Hamilton’s living wage is nearly $3 above the provincial minimum
Monday morning, living wage hamilton released their new living wage rate for city workers.
According to the coalition of community groups, including Hamilton Roundtable for Poverty Reduction, McMaster Community Poverty Initiative, Social Planning and Research Council and Workforce Planning Hamilton, $17.20 is the minimum rate city residents should earn to account for the cost of living – or $35,776 per year based on a 40 hour work week.
At a press conference, Tom Cooper, director of the Hamilton Roundtable for Poverty Reduction, said about 30,000 people in the city were not earning a living wage, but some indicators show he could reach 43,000.
According to the coalition, a living wage is what an employee needs to earn by the hour to “make ends meet and participate in civic and cultural life.” It takes into account transportation, food, rent, childcare, and other expenses such as internet service and “modest recreational opportunities.”
Unlike minimum wage standards set by the government, living wages are voluntary for employers. As of October 2021, the Hamilton area had 35 employers paying their employees Hamilton’s former living wage rate of at least $16.45 per hour announced in 2019.
Living Wage Hamilton says the cost of living in the city exceeds the provincial minimum wage rate of $14.35, especially as housing and food prices rise exponentially. Minimum wage students in Ontario earn even less than $14.35, with the wage rate being $13.50 per hour.
The pandemic is just one example of why people should be paid a living wage, said Ana Younis, a young worker and member of the Hamilton and District Labor Council’s Living Wage campaign. Earning a living wage “prepared me for an emergency,” Younis said, as she could save some of her income rather than living paycheck to paycheck.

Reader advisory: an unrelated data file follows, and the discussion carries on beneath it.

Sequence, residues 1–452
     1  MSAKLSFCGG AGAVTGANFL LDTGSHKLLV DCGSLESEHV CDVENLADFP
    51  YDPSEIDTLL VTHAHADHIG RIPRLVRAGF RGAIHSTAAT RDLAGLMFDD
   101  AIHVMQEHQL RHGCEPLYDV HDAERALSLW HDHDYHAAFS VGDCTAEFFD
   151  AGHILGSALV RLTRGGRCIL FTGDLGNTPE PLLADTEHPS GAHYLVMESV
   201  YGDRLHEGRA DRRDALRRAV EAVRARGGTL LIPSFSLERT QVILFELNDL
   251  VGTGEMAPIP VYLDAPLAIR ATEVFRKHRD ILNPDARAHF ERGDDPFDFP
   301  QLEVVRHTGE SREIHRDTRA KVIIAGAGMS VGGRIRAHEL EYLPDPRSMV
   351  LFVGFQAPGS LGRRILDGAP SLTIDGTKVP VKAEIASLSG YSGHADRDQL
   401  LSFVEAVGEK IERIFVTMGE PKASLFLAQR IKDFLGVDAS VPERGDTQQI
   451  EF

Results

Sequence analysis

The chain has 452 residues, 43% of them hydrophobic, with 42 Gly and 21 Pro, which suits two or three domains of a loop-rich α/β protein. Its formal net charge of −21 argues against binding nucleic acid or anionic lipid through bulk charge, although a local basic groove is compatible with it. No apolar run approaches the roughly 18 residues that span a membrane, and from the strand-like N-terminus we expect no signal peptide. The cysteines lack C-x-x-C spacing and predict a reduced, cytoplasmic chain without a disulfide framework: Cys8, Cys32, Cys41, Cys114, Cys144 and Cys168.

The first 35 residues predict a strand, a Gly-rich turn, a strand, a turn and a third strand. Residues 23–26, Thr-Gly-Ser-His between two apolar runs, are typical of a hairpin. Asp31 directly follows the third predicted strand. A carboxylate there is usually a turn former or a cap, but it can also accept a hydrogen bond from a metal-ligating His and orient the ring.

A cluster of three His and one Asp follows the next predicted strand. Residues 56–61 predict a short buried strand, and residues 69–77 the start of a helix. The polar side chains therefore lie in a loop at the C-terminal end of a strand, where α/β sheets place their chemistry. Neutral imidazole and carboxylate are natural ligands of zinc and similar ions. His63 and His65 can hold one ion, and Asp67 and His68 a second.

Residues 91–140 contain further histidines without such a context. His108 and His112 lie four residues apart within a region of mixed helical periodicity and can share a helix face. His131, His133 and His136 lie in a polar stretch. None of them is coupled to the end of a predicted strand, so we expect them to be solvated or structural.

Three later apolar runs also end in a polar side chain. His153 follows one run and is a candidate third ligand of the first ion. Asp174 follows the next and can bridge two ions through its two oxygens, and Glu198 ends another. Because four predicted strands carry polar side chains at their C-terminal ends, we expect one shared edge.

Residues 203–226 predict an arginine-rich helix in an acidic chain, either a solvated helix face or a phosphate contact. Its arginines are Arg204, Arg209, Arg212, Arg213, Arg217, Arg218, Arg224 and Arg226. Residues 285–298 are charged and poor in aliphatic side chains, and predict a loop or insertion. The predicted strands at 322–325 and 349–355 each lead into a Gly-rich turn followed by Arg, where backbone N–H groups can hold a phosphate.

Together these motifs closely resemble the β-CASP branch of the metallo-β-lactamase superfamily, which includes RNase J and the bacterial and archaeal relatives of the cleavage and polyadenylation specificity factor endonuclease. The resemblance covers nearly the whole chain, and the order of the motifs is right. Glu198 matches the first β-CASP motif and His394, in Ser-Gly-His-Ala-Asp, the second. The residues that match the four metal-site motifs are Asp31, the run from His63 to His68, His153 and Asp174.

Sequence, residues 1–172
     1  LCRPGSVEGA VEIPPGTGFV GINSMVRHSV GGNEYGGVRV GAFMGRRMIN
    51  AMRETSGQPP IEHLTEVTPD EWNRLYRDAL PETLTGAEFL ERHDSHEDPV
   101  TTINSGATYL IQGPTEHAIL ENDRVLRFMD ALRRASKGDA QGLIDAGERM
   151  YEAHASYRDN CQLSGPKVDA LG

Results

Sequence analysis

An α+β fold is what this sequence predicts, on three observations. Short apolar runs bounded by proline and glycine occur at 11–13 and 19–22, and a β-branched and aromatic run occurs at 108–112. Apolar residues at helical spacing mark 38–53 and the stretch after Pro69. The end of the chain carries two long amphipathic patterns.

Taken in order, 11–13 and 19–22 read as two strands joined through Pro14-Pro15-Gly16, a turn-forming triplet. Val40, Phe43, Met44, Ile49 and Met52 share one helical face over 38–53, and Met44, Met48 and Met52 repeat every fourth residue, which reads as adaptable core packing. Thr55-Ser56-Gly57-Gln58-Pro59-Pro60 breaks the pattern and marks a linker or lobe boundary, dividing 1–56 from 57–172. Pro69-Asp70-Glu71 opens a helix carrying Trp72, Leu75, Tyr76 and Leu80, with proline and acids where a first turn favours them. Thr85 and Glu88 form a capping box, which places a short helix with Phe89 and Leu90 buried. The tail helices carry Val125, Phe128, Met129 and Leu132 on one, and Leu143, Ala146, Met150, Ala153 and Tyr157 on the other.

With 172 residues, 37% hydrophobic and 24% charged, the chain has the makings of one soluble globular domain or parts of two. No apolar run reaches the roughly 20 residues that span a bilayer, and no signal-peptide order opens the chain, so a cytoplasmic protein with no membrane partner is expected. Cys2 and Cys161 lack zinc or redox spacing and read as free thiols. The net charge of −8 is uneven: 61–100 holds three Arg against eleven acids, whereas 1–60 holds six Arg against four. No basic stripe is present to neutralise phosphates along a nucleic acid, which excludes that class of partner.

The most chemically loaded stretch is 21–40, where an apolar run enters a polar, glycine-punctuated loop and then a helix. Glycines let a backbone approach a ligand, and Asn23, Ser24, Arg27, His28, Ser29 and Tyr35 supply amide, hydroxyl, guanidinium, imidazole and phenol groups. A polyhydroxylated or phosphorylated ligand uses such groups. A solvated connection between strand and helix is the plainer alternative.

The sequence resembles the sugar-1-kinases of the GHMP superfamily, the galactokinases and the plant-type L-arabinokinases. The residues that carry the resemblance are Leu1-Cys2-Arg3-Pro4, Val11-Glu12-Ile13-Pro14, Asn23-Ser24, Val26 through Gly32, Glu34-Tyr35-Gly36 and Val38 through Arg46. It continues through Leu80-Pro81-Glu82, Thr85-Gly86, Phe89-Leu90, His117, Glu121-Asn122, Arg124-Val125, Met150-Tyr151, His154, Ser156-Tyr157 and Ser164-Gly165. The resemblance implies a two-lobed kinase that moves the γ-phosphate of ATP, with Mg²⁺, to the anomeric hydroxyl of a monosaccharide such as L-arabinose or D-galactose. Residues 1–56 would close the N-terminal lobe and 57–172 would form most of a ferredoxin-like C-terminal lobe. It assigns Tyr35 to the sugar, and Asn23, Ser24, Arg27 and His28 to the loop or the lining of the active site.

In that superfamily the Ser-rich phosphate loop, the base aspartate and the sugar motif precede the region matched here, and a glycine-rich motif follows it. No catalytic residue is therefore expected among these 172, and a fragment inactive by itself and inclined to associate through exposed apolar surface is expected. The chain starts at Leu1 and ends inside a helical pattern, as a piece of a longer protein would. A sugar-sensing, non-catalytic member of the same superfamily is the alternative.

The minimum wage is a challenge for workers, she said, and the cost of living in the city is rising.
In September, the average home price in the area reached $881,656, 22% higher than the September 2020 average. According to a study by Oxford Economics, Hamilton is the fifth least affordable city in America North.
But it’s more than housing. According to Statistics Canada, the cost of food has increased by approximately 240% since 2000.
Even with full-time jobs, the city’s minimum-wage earners still have access to food banks, and they don’t have a “pathway out of poverty,” said Deirdre Pike of the Social Planning and Research Council of Hamilton.
Beyond access to food banks, private and public sector employees who do not receive a living wage are “subject to more stress, such as debt, anxiety, long-term health problems, lack of workforce productivity and fractured personal relationships,” said Shawna Mutton, vice president of community impact at United Way Halton and Hamilton, a local organization that implements a living wage.
With a living wage, Mutton said employees are more productive, employee loyalty increases, costs associated with absent staff, training and recruitment decrease, and the local economy grows.